42 - LAND ACQUISITION - LAND AND WATER CONSERVATION FUND (LALA). Funds are appropriated annually from the Land and Water Conservation Fund, but are no-year appropriations to the Forest Service for acquisition of land pursuant to the Land and Water Conservation Act, as amended, and other land acquisition authorities of the Forest Service (sec. 40.12).

    42.1 - Land Purchases (LALW). Charge LALW for:

    1. The actual cost of land purchased and

    2. Cash equalization payments for those exchanges that would otherwise qualify for purchase using Land and Water Conservation Fund money.

    42.2 - Acquisition Management (LALW). Charge LALW with the cost of planning and processing acquisition cases, including those exchanges that would otherwise qualify for purchase using Land and Water Conservation Fund money.

    43 - LAND ACQUISITION - SPECIAL ACTS (ACAC). This is a special fund appropriation to the Forest Service. Funds are appropriated annually from forest receipts from the occupancy of public land or from the sale of natural resources other than minerals. Receipts appropriated for land purchase are exempted from the provisions of Title 16, United States Code, sections 500 and 501 (Payments to States and road construction). All funds appropriated that remain unobligated at the end of the fiscal year are returned to the receipts of the affected national forests.

    Use these funds to purchase land and for related expenditures such as title search, escrow, recording, and personnel costs when the purchase is considered necessary to minimize soil erosion and flood damage. See additional purposes under Toiyabe National Forest (para. 3). Limit expenditures for each National Forest to amounts allocated and receipts actually available. See other restrictions under each authority cited in paragraphs 1 - 3. This appropriation is available for land acquisition within the exterior boundaries of the following national forests:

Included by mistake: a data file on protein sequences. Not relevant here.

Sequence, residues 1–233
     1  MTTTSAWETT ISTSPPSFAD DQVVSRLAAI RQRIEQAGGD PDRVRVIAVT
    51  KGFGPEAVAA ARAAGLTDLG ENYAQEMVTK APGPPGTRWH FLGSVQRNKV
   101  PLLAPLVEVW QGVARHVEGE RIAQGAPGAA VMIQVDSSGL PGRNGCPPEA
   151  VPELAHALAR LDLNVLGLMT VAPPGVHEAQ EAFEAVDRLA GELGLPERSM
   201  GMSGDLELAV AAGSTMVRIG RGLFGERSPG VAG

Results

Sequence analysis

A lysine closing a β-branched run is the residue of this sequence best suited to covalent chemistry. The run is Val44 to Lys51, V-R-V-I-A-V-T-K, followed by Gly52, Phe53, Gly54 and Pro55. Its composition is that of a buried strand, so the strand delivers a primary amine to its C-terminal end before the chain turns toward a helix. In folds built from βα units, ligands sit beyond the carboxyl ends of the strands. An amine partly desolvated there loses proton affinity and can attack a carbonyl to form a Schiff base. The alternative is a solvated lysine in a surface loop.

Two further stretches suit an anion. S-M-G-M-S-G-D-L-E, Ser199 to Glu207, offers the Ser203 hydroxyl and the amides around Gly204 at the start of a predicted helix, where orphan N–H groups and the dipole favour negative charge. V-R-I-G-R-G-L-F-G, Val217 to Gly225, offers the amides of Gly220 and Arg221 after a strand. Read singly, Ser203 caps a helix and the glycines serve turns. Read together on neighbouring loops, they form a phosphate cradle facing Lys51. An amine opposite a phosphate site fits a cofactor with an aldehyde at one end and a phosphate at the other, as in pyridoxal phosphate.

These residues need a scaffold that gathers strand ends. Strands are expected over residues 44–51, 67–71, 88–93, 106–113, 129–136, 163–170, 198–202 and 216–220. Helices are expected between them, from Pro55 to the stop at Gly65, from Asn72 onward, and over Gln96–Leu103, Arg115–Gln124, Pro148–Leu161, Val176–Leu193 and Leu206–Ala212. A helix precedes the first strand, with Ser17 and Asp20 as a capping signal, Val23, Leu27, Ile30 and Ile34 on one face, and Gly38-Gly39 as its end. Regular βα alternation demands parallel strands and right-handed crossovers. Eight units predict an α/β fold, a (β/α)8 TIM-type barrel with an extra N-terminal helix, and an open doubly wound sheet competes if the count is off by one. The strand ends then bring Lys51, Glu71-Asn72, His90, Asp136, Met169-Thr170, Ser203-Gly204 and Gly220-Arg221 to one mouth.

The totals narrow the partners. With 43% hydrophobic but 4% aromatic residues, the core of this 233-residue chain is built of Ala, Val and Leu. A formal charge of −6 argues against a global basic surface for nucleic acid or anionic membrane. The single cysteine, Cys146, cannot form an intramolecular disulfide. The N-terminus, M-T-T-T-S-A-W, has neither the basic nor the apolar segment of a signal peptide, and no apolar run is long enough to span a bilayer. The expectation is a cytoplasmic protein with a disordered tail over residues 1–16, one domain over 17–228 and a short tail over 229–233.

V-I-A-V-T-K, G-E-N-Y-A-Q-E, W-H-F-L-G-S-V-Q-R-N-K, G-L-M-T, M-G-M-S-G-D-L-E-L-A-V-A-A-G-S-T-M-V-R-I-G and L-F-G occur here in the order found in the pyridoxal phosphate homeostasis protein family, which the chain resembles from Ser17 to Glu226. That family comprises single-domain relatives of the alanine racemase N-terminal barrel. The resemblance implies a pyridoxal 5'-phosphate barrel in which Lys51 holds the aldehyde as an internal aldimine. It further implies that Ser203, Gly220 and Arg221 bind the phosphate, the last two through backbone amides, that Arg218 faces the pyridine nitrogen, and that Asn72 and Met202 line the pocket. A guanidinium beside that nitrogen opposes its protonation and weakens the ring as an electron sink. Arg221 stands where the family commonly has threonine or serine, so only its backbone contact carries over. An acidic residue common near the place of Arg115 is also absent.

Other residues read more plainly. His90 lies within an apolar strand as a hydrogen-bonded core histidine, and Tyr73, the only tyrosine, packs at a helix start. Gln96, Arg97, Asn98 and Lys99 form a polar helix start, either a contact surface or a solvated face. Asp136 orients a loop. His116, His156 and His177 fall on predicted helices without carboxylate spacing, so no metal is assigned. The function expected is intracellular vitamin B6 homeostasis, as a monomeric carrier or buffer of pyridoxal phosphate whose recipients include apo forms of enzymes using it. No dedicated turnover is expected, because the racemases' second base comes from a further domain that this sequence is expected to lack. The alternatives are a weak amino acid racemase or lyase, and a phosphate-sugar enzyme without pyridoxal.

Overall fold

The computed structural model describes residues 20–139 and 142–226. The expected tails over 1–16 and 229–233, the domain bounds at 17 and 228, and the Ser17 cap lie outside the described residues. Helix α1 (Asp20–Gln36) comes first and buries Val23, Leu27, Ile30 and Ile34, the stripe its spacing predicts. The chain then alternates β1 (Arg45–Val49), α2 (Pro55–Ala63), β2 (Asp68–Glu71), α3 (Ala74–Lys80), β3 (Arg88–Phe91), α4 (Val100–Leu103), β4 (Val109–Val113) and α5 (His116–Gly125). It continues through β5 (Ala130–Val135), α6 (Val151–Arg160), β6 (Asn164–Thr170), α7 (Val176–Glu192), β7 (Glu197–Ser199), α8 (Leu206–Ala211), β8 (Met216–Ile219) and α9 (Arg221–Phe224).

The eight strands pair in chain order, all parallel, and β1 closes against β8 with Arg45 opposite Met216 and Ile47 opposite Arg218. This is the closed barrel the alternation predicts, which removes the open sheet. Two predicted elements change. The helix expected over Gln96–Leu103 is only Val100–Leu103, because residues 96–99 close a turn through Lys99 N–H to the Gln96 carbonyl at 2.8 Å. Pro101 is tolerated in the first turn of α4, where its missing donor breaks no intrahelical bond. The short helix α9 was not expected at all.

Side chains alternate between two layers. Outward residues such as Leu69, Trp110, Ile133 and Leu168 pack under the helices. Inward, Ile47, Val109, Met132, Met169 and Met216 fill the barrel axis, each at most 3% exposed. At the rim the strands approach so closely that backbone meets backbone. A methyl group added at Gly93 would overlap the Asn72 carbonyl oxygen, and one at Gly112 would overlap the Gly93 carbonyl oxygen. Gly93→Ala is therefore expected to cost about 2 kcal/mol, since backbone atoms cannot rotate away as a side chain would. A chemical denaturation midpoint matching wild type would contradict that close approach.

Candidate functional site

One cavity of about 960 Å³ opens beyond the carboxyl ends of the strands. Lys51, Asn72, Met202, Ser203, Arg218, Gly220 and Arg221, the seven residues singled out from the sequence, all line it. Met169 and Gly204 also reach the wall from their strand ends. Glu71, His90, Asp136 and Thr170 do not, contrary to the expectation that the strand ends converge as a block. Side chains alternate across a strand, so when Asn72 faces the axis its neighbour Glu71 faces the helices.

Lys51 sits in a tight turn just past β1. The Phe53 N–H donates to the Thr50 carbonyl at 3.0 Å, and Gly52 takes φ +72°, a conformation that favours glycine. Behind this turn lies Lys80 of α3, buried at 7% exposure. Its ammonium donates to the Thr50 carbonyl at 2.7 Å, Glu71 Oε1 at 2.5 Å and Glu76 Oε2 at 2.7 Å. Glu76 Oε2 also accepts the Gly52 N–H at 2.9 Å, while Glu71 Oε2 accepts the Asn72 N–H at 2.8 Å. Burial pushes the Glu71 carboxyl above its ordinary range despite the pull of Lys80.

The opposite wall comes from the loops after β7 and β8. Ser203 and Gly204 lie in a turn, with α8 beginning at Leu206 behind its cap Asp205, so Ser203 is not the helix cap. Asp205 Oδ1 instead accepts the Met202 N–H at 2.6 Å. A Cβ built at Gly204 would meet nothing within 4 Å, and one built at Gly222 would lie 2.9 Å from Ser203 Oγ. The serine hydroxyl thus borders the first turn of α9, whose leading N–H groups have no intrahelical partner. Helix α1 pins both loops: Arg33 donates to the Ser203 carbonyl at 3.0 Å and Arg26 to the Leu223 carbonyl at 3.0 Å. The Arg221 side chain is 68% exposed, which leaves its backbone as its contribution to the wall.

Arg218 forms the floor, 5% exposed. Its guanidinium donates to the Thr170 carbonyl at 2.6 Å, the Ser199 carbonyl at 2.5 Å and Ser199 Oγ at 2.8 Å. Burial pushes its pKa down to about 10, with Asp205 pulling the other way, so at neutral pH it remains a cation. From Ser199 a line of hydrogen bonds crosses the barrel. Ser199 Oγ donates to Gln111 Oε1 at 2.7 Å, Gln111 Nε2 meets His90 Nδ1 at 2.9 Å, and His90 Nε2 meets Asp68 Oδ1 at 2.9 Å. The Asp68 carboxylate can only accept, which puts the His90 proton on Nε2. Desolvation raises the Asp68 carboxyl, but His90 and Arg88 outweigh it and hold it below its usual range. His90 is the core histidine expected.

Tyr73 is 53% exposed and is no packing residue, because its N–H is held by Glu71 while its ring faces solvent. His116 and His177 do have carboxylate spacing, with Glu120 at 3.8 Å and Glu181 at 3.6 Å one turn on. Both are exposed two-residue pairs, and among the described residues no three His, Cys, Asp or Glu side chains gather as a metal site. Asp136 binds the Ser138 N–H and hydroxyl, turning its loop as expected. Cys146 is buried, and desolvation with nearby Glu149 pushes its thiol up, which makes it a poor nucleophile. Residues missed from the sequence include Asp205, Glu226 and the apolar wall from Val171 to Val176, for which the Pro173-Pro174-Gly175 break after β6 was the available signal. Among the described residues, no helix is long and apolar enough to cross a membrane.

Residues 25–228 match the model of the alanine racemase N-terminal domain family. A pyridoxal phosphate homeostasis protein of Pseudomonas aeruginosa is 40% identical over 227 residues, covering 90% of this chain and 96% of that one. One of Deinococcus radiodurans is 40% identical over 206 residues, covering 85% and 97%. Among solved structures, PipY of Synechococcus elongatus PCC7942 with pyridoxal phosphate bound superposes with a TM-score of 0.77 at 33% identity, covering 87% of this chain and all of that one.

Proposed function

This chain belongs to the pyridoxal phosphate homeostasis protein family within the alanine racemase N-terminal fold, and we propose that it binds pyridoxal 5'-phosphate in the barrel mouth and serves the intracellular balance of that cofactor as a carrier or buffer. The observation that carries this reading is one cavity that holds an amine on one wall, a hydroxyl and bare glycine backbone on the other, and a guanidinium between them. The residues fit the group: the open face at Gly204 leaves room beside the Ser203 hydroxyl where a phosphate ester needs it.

1. Cache National Forest, Utah, Act of May 11, 1938, as amended by the Act of May 26, 1944 (58 Stat. 227). Funds are restricted to the purchase of lands in the State of Utah. Appropriation of receipts for land purchase shall have no effect on payments to the State of Wyoming.

    2. Uinta and Wasatch National Forests, Utah, Act of August 26, 1935, as amended by the Act of May 26, 1944 (58 Stat. 227). Funds are restricted to the purchase of lands in the State of Utah within the boundaries of the Uinta and Wasatch National Forests. Appropriation of receipts for land purchase shall have no effect on payments to the State of Idaho. In order to maintain the integrity of the distribution of receipts between the States of Utah and Idaho, any funds appropriated from the receipts of either forest may only be used to purchase land on the same national forest.

    3. Toiyabe National Forest, Nevada, Act of June 25, 1938, as amended by the Act of May 26, 1944 (58 Stat. 228). Funds are restricted to the purchase of land in the State of Nevada, not to exceed $10,000 per annum. The Act contains no restriction as to the effect on payments to the State of California. Therefore, any funds from the whole forest are available up to the stated limit. In addition to purchasing land to minimize soil erosion and flood damage, this fund may also be used to purchase land to promote efficiency and economy of administration.

    4. Angeles National Forest, California, Act of June 11, 1940 (54 Stat. 299). Funds are available for purchase of lands within the boundary of the Angeles National Forest.

    5. Cleveland National Forest, California, Act of June 11, 1940 (54 Stat. 297). Funds are restricted to the purchase of land in San Diego County, California. Funds shall be derived from the portion of receipts of the Cleveland National Forest which are equal to the proportion of the area of the forest that is in the county of San Diego.

    6. San Bernardino and Cleveland National Forests, California, Act of June 15, 1938, as amended by the Act of May 26, 1944 (58 Stat. 228). Funds are restricted to the purchase of land in Riverside County, California. Funds shall be derived from the portions of receipts of the San Bernardino and Cleveland National Forests which are equal to the proportion of the area of each national forest that is in the county of Riverside.